The legal industry group Corporate Legal Operations Consortium (CLOC) appointed Mike Haven as its president earlier this year. Haven, who is also head of legal operations and associate general counsel for Intel, has landed the role during a time the organisation is broadening its remit and seeking to transform the business of law.

ALB: What are some of the ways you’ve seen the legal industry evolve over your professional career?

HAVEN: There have been many dramatic changes in the legal industry over the past two decades. When I was a newly minted law firm associate, we worked with paper files. We would go to a file room, pull out binders or folders containing hard copies of correspondence, pleadings, and discovery for the matters we were working on, and return them to the file room when we were done. For document review projects, we would print out all the documents provided by the opposing party and review them one by one looking for a smoking gun. Correspondence with opposing counsel was via formal letter, and if we wanted to get it to them quickly, we would use a facsimile. Using a PowerPoint deck in trial was considered quite sophisticated. Obviously, those days are long gone. The practice of law has transformed as game-changing technologies have been introduced and adopted. Files are now digitised, discovery tasks are streamlined by machine learning and review software, facsimiles seem to be extinct, most correspondence is by email, rapid responses are the norm, and trial lawyers are expected to leverage fancy software in presentations to juries. It’s a different world. That said, in many ways the industry has been slow to change. For example, we have not yet shaken off the billable hour. There still is much more change on the horizon.

ALB: Can you tell us a little about your priorities as president of CLOC?

HAVEN: Our vision has not changed. CLOC remains dedicated to transforming the business of law. We will continue to support our members, the organisations they serve, and the industry in leveraging legal operations to apply business principles to running corporate legal departments. But it’s not just about advancing the ball for corporate teams. We have welcomed and embraced the entire legal ecosystem – including law firms, ALSPs, technology providers, and educational institutions – so that we all can work together to transform the industry. We have learned that it will require focus from every sector to facilitate meaningful, lasting change, and we are excited that professionals and organisations across the industry are on board. In addition to broadening our membership, we have expanded our focus to include “matters of the heart.” As CLOC was ramping up, we were heavily focused on “matters of the mind” – things like legal finance, vendor management, process improvement, technology implementation and business intelligence. These matters obviously are still very important, and we will continue to help our members get and stay on the cutting edge. But we need to focus on other equally important things like empathy, diversity, inclusion, and access to justice. These matters are not just nice-to-haves; they are fundamental to the success of our members and advancement of the legal industry.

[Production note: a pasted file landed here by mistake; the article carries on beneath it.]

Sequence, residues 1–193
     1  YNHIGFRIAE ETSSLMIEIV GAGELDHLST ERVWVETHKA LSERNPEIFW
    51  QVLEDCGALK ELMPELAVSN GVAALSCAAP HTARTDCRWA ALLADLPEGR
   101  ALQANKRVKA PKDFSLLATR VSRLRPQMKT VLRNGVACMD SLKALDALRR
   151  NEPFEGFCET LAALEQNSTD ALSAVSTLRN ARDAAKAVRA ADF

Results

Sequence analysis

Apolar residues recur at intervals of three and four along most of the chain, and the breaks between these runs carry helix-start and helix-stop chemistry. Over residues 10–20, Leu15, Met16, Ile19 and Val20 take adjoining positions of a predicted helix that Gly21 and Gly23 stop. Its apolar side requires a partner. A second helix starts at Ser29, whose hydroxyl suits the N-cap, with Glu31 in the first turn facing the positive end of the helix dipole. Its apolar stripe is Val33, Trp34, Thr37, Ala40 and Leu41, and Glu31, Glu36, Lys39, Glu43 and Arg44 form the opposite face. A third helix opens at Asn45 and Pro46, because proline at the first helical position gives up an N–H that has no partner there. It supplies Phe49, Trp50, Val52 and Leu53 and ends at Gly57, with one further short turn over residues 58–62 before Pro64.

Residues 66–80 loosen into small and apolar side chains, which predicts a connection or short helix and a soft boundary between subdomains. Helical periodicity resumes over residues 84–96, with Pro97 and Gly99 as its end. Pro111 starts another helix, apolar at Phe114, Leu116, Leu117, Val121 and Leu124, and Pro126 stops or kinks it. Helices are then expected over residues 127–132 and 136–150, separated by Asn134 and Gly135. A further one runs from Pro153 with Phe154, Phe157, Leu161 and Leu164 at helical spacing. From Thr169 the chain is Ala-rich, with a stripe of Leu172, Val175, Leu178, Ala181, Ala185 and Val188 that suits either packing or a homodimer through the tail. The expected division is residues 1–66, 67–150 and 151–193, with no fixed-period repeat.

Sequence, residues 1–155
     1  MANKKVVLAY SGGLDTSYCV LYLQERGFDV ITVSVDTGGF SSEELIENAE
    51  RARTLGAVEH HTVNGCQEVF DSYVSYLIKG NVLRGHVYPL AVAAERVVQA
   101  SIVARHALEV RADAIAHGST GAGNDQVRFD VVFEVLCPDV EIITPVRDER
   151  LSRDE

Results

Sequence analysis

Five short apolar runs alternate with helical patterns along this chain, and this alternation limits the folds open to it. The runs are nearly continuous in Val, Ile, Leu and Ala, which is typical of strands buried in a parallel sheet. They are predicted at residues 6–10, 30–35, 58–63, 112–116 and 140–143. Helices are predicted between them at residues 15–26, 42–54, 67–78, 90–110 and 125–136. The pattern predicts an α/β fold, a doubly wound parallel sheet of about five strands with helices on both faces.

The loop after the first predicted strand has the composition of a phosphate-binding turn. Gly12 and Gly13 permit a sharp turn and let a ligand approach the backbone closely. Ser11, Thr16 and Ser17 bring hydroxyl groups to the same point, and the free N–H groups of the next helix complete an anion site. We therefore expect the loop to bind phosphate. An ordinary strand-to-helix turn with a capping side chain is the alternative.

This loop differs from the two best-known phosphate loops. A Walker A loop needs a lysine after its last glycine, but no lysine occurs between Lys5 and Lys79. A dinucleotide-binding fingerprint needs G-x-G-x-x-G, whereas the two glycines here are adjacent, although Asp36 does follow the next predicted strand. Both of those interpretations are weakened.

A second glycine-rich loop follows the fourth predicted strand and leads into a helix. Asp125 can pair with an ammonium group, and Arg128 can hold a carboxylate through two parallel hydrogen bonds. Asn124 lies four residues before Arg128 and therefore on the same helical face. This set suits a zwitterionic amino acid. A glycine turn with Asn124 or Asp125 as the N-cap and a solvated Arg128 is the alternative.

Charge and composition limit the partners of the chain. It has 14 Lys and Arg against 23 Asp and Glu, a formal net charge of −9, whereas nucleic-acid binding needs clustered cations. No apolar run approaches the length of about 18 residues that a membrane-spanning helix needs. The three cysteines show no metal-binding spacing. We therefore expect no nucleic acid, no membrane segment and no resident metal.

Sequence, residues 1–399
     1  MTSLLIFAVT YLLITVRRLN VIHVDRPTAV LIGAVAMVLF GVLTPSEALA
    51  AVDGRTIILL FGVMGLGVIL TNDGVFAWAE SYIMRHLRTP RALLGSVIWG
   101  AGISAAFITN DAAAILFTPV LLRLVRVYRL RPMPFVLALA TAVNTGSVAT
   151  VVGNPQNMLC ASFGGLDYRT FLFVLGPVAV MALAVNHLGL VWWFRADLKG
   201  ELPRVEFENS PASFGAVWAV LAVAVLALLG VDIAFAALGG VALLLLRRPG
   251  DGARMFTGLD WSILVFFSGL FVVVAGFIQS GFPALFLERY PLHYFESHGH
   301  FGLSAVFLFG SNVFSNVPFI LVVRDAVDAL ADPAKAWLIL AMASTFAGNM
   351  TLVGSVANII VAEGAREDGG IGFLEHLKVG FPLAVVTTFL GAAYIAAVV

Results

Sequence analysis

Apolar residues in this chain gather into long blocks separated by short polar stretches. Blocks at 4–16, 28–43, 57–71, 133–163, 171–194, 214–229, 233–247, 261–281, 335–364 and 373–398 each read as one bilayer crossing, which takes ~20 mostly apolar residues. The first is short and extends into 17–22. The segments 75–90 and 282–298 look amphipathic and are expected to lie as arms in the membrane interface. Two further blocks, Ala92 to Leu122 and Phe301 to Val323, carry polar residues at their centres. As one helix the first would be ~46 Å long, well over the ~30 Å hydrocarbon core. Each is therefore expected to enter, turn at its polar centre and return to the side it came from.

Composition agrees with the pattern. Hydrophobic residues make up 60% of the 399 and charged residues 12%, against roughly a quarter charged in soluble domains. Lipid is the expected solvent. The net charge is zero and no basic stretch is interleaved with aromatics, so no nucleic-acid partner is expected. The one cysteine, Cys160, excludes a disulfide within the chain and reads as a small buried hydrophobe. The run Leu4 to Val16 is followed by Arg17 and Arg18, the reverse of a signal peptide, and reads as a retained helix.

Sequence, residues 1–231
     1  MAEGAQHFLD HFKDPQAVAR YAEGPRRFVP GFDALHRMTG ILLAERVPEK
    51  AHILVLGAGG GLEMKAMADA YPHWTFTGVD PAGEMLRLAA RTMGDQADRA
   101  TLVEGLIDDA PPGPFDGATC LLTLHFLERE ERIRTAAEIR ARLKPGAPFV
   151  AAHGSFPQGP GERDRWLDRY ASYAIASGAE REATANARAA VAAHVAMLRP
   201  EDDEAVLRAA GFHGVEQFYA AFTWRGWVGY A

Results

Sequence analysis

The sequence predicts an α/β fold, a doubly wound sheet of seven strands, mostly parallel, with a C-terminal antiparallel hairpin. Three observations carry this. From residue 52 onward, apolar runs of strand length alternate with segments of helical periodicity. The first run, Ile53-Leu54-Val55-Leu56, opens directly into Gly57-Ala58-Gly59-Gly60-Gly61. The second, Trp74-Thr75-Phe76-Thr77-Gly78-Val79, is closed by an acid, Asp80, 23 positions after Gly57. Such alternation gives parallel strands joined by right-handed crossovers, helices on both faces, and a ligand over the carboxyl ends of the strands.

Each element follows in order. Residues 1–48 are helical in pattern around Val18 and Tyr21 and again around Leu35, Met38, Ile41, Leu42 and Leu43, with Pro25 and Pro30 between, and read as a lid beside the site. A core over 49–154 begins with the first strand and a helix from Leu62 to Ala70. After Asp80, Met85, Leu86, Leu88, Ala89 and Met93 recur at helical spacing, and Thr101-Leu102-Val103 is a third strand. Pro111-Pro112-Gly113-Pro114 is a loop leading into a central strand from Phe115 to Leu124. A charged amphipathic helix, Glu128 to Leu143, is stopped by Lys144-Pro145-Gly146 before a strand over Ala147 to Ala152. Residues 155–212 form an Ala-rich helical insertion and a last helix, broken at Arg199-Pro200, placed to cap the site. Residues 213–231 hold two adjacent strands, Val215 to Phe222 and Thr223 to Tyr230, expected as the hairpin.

ALB: For the legal industry, what should some of the big takeaways from the pandemic be?

HAVEN: A few things come to mind. First, the pandemic taught us that we can solve problems much more effectively and efficiently when we all work together. The communities that came together for each other, staying home, wearing masks, getting tested, and getting vaccinated are now living their pre-pandemic lives. It was a wonderful display of teamwork to get through a seemingly impossible challenge. That same principle applies to the legal industry. Working together, we can transmogrify. If we remain siloed, things will change much slower, if at all.

Second, we do not need to commute to an office every day to work effectively. We can give people balance in their lives. However, that does not mean proximity is no longer important. The pandemic taught us that we need in-person interaction. We should strike a balance between flexibility and proximity in our work lives, and the pandemic has proven that can work. Third, on a more personal level, I think we all have a much deeper appreciation for many of the things we once took for granted. Family gatherings, happy hours at the local pub, watching a youth sports game: These are things that make us happy. Lawyers need to make more time for these things, because mental health is a serious issue in our profession.


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